He is not afraid to call out radicals and expose them to criticism and factual information that so many modern students (and lecturers) are loath to hear.

On September 6, Robbie's face appeared across the British media, from the conservative Times to the leftist Independent, to the populist tabloids, the Express, the Mirror, the Daily Mail, and the Sun.
Travers had been accused of hate speech and was being investigated by the university, who could well sanction him. What sort of "hate speech" was that?
Well, in a nutshell, he had referred to the jihadist fighters of Islamic State (ISIS) -- who variously burns or drowns people alive in cages, and sometimes in acid, or kills 250 children in dough-kneaders -- as "barbarians."


ISIS atrocities. Travers should have been praised, not discredited for pointing them out. Photo: YouTube/Screenshot.

You did not read that wrongly. It is now "racist" and "Islamophobic" to insult or ridicule the world's most unspeakable terror gang, who, among other atrocities, behead innocent men, women and children, rape innocent women, and sell harmless women as sex slaves to grunting murderers and pedophiles. One could not make this up.

Here is what seems to have happened. Travers writes often on Facebook and Twitter, and many left-wing students are possibly outraged by his views on matters such as Islam. Here, for example, is a post on his Facebook page on August 31. I very much doubt if anyone here would find anything offensive in it:
"I propose a toast to the Western world. Unfashionable in today's climate of moral relativism, but the UK, USA, Israel and other nations play a major role in shaping our world for the better. Whether it be standing against autocratic regimes, whether it be celebrating the freedoms of minorities & those who do not share the opinion of the majority.
"Our democracy has never faced a graver threat than the inhuman & theocratic peril posed by malignant, autocratic, and fascistic branches of Islamism. If we are to see our democracy continue from strength to strength, we must fight to defend our precious and treasured freedoms, rights and protection of minorities as much as jihadis struggle to destroy these just and tolerant values they despise."
On April 13, he posted something shorter:
"Excellent news that the US Administration and Trump ordered an accurate strike on an IS network of tunnels in Afghanistan. I'm glad we could bring these barbarians a step closer to collecting their 72 virgins."

It is hard to see how there is anything remotely racist or "Islamophobic" about that. ISIS fighters come from a variety of races and they have attacked and killed many Muslims. But that is exactly what one intolerant student activist claimed it was.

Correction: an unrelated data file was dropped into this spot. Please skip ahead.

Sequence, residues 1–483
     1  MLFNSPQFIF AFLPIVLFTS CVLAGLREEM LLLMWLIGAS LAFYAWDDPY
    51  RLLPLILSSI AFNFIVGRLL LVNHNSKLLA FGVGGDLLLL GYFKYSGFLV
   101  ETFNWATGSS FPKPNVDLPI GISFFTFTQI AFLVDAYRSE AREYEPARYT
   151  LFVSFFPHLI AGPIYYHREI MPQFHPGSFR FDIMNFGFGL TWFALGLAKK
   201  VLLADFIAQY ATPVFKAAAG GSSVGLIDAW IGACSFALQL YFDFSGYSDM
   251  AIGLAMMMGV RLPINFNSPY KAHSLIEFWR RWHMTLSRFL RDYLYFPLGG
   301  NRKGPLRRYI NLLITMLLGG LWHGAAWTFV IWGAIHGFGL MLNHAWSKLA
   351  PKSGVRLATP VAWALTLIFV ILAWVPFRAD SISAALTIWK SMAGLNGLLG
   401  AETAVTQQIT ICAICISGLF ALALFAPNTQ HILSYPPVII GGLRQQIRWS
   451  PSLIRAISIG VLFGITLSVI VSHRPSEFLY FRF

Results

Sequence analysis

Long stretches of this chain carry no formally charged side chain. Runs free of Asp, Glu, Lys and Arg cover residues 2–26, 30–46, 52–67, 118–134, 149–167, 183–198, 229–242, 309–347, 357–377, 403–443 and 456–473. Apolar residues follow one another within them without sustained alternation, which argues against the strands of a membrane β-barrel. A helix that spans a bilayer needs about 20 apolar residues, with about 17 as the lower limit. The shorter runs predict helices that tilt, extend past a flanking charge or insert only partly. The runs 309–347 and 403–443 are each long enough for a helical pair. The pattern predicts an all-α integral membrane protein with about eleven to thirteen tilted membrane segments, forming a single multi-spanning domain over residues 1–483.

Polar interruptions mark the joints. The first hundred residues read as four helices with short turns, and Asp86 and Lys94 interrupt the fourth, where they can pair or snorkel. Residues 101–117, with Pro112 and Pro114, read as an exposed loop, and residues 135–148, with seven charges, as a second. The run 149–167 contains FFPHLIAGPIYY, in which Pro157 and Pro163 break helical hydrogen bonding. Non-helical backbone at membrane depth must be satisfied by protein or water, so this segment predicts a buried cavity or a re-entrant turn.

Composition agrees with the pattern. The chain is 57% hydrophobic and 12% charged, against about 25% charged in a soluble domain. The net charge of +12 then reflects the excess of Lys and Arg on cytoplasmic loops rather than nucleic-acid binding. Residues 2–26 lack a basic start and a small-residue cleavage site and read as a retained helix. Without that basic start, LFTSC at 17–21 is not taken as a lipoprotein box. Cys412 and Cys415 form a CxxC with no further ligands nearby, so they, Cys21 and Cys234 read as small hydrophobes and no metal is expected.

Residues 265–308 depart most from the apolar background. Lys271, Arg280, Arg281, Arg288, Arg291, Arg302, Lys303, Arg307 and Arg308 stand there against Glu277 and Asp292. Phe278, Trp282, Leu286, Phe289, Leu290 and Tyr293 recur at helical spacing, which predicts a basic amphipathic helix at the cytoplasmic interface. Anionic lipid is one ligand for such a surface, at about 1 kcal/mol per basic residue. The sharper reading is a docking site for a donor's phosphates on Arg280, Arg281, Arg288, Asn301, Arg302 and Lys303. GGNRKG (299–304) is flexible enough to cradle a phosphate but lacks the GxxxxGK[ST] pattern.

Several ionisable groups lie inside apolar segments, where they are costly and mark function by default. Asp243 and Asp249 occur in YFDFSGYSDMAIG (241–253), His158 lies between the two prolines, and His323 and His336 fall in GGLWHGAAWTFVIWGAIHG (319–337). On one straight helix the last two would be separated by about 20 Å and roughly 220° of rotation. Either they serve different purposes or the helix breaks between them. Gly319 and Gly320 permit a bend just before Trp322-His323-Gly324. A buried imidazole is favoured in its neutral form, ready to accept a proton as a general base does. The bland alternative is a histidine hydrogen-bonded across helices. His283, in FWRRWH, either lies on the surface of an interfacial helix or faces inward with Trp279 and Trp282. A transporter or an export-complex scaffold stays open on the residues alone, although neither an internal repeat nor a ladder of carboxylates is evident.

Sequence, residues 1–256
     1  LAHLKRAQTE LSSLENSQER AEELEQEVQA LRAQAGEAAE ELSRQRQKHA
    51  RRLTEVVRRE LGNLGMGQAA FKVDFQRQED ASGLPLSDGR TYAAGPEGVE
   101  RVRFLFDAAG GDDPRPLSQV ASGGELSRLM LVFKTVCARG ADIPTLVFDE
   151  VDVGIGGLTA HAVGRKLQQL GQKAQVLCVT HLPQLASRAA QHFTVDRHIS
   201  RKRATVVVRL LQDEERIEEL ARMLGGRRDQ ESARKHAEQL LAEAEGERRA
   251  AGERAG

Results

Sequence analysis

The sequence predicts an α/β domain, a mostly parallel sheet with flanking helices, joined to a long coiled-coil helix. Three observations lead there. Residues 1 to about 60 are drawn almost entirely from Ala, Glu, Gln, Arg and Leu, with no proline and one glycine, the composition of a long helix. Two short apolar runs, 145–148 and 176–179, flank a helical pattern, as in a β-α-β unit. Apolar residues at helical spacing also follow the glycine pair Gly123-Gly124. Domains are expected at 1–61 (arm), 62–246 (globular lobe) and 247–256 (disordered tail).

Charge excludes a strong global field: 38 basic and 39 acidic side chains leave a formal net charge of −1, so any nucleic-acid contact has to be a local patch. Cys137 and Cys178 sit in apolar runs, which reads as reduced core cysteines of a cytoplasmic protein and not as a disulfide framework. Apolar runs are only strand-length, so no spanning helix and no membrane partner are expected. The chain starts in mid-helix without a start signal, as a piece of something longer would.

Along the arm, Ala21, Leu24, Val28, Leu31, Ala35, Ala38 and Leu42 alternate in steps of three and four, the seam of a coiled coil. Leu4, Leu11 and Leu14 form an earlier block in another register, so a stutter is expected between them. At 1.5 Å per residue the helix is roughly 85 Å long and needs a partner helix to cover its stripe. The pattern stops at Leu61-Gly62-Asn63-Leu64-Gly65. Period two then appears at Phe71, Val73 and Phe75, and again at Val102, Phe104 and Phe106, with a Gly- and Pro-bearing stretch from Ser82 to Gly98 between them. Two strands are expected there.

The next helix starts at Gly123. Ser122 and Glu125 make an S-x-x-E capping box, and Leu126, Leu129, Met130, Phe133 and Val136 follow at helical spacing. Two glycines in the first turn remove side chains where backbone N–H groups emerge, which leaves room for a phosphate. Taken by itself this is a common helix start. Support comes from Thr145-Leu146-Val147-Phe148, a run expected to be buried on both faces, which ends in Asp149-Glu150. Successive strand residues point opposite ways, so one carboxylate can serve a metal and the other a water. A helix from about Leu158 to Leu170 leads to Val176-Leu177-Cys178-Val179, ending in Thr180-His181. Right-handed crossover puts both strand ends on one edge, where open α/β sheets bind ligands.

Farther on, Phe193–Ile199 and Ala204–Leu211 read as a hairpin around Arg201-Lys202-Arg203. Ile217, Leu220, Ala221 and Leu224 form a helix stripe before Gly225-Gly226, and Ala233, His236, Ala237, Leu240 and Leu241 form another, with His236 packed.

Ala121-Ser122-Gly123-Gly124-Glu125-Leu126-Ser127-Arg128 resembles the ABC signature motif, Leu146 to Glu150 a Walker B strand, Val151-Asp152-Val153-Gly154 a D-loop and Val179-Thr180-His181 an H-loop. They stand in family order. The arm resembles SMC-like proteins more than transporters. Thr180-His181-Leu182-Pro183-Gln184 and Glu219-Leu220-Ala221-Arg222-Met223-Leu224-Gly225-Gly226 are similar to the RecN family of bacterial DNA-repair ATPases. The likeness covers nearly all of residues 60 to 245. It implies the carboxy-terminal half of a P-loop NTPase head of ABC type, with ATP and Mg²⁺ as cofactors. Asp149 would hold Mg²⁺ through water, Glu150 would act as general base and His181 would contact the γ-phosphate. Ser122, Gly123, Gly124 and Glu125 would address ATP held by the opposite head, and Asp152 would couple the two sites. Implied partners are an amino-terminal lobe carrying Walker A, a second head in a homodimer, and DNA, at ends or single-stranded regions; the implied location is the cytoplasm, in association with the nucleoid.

Esme Allman, a second-year history student from inner-city London and the former black and ethnic minority convenor of Edinburgh's student association (who also calls herself not just a feminist but also a "womanist") was not an admirer of the positions Travers had taken on several subjects.

Her own stance can be seen in her campaign statement issued in her first year, when she was a candidate for Black and Minority Ethnic (BME) Officer. It included some interesting items in her manifesto: "I will continue to engage in the discussions started with academics on the WhyIsMyCurriculumWhite campaign" and "I will continue to work with the StudentsNotSuspects Campaign to protect student groups from the enforcement of the Prevent strategy."

Prevent is a central plank in the British government's wider counter-terrorism campaign, with particular attention to radicalization in schools and universities. It is greatly resented by far-left and activist students, many of whom invite radical preachers onto campus while banning pro-Israel and similar speakers.

Referring to Robbie's remarks about ISIS, the ironically named Ms. Allman made a formal complaint to the university, writing that "Not only do I believe this behaviour to be in breach of the student code of conduct, but his decision to target the BME Liberation Group at the University of Edinburgh, and how he has chosen to do so, puts minority students at risk and in a state of panic and fear while attending the University of Edinburgh."

"Panic and fear" because a fellow student had expressed sentiments shared by a majority of the British public? Outside possibly a small minority of radical Muslims, it is hard to find anyone in the UK or other Western countries who has a good word to say for Islamic State.
Calling them "barbarians," it would seem, is going easy on them. ISIS's barbarism has been recorded by its own people in texts, on gruesome videos, in the pictures of children taught to behead prisoners with a knife, in the prices charged for female slaves in their marketplace. Islamic State barbarians would seem more appropriate as sources of fear and panic than Robbie Travers mocking them and celebrating their arguably deserved elimination.

According to the Times, "a university spokesman confirmed that 'complaints alleging misconduct have been received against Mr Travers and these are being investigated.'" No doubt the academic authorities are obliged to follow up on a complaint from a student, not least a student activist who appears eager to use her privilege as a member of a minority ethnic community and a woman. No doubt those same authorities are reluctant to tell such a student that she is being ridiculous for fear of the potential backlash that she and her fellow jargon-laden, politically-correct, and angry activists appear ready to unleash at them should a non-Muslim mention Islam or Muslims in the first place.